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World Baseball Classic 2013: Proof We Need a Real World Series

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Anyone who has watched a few games of this year’s World Baseball Classic has to have been impressed by the quality of play. Teams from a diverse array of countries including Chinese Taipei, Korea, Japan, and even the Netherlands made for exciting brackets of teams vying for the 2013 trophy.

Perhaps no one is surprised that the Domincan Republic took home the prize, defeating the team from Puerto Rico 3-0 in the championship game. The Dominican team, comprised of very familiar names including Robinson Cano (named MVP), Jose Reyes, Miguel Tejada, and Octavio Dotel and managed by Tony Pena (now a coach on the NY Yankees), gave the international baseball team players with which American fans were familiar. However, the patriotism shown was exclusively for the players’ home country, as it was for all the other teams that participated in the classic, and most Americans watching were happy to see that kind of enthusiasm.

What is very evident is that players from all over the world can play baseball, and some players do it as well as (or even better than) Americans do. Someone may argue that the Domincan team won because of the Major League Baseball players on its roster; however, if a “world” league were established and those players could play for their true “home” teams, wouldn’t that dramatically change the face of MLB?

I think the WBC certainly is proof that a true “world” series is something that must eventually happen, hopefully sooner rather than later. In fact, I recall having a discussion one time (during a visit to Japan many years ago), and I was asked why we would call it “world series” when it involved only two teams from the U.S.A. I thought it was a valid question, and I had no justifiable answer for it, so I blamed it on previous generations and their penchant for exaggeration. Yes, that didn’t really succeed in explaining anything.

Now these many years later we live in a different world. There is no reason why worldwide divisions couldn’t be established, with those teams playing each other exclusively, with some exhibition games against American teams. We could all have our own “world series” playoff rounds in something similar to what we do now in MLB, but the difference would be that eventually the American winner would have to play teams from the other world divisions.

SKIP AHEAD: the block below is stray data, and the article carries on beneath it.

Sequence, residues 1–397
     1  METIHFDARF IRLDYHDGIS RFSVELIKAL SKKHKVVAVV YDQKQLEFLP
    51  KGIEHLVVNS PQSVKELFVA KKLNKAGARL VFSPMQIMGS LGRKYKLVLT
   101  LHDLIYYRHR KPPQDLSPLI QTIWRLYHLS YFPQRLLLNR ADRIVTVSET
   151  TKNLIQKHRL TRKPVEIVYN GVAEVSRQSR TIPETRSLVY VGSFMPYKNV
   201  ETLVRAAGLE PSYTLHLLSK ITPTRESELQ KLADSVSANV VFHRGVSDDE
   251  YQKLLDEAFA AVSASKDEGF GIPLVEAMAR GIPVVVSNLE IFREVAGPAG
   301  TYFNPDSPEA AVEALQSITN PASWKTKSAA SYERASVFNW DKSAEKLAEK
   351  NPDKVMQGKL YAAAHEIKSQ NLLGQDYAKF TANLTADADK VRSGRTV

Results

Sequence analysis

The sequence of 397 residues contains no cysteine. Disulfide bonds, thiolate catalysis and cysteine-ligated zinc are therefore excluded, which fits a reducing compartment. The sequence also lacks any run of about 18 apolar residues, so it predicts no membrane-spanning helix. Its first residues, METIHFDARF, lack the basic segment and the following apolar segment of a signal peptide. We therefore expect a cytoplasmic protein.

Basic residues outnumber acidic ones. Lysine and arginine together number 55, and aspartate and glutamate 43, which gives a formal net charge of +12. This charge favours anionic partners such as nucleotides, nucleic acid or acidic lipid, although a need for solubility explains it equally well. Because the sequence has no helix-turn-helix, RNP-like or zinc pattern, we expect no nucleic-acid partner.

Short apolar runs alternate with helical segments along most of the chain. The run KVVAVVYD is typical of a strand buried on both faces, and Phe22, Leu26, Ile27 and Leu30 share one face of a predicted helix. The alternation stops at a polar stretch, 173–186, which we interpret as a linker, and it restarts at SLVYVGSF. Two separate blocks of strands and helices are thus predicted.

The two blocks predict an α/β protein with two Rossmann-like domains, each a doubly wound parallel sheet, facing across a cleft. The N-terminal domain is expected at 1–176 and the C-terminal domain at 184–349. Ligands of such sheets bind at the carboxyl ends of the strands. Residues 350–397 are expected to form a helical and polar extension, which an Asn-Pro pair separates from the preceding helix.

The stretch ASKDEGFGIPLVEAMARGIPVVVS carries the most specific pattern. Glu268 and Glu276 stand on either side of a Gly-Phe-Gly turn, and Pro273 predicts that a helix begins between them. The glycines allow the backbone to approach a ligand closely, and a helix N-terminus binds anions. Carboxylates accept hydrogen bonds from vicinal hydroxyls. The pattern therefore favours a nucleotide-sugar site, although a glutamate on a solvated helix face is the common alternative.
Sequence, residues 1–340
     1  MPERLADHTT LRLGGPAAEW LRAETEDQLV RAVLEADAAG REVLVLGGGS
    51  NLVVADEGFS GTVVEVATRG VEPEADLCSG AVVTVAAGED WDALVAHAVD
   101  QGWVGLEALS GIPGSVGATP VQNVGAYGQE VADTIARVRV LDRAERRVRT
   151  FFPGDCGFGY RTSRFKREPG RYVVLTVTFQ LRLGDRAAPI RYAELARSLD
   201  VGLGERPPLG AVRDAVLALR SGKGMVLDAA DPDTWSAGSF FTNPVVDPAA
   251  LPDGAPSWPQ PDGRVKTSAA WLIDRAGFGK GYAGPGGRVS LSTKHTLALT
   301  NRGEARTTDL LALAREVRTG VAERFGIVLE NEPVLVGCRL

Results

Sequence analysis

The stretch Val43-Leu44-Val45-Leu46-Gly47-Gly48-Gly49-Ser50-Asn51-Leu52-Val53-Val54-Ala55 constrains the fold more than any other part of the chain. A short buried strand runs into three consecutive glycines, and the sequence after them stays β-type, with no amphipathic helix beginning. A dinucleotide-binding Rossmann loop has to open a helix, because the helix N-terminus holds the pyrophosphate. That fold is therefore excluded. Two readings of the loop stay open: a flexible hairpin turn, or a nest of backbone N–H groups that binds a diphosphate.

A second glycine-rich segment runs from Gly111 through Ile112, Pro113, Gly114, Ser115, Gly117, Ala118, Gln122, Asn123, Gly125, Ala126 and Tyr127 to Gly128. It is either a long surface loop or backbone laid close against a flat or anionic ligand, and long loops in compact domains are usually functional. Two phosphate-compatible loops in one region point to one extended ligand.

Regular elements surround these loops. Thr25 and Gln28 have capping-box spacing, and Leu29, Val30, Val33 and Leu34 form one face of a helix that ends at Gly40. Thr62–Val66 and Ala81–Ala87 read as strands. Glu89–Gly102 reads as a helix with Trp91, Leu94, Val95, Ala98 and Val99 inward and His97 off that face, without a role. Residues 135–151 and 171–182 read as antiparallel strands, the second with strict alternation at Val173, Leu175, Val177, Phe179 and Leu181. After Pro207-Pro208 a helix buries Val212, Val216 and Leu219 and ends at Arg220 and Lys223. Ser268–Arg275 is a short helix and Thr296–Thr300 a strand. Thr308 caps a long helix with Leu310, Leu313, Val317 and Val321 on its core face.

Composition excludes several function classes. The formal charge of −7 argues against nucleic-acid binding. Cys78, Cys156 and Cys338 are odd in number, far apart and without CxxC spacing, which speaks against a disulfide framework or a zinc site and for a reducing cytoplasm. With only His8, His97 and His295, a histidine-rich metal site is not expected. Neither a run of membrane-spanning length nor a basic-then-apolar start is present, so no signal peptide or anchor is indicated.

Can you imagine the excitement of whittling it all down to having a “true” world series, with say the St. Louis Cardinals playing the Yomiuri Giants (Japan) for the title? I think it would be an amazing cultural opportunity to bring the world closer together through the language of sports. Similar to the Olympics in its impact, I think it would be even more influential and have a greater impact if it were done annually.

I know this concept is probably a long way off, and perhaps the traditionalists will not even want to consider it, but I think the time for a true “world” series has come. The World Baseball Classic is proof that it can be exciting to watch different teams from countries from all over the world compete in America’s pastime. Wouldn’t it be nice to see baseball become the world’s pastime too?

Photo credit: World Baseball Classic

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About Victor Lana

Victor Lana's stories, articles, and poems have been published in literary magazines and online. His books 'A Death in Prague' (2002), 'Move' (2003), 'The Savage Quiet September Sun: A Collection of 9/11 Stories' (2005), and 'Like a Passing Shadow' (2009) are available in print, online, and as e-books. His latest books 'If the Fates Allow: New York Christmas Stories,' 'Garden of Ghosts,' and 'Flashes in the Pan' are available exclusively on Amazon. He has won the National Arts Club Award for Poetry, but has concentrated on writing mostly fiction and non-fiction prose in recent years. He has worked as a faculty advisor to school literary magazines and enjoys the creative process as a writer, editor, and collaborator. He has been with 'Blogcritics Magazine' since July 2005 and has written well over 500 articles; previously co-head sports editor, he now is a Culture and Society editor. Having traveled extensively, Victor has visited six continents and intends to get to Antarctica someday where he figures a few ideas for new stories await him.
  • Stephen

    then use the strongest lineup starting woth mike trout who didnt wanted to play in the classic !!!!!!

  • Dr Dreadful

    American Major League Baseball is still by some distance the world’s strongest league, which is why it attracts the best players from all over the world to play in it.

    The World Baseball Classic is competitive because the teams all contain players who play the game professionally or at college level in the US and Canada. But currently, if you put any MLB team up against any top club team from Asia or Latin America (or indeed any of the national teams that contested the WBC), the MLB team would win easily. In that sense, it is appropriate to call the MLB championship contest the World Series, since the winners are indeed the best baseball team in the world.

    The same goes for the other three major North American sports, because although all of them are played worldwide, they are played in North America to a standard not yet found anywhere else.

    With the exception of American football, all that may change in the not too distant future.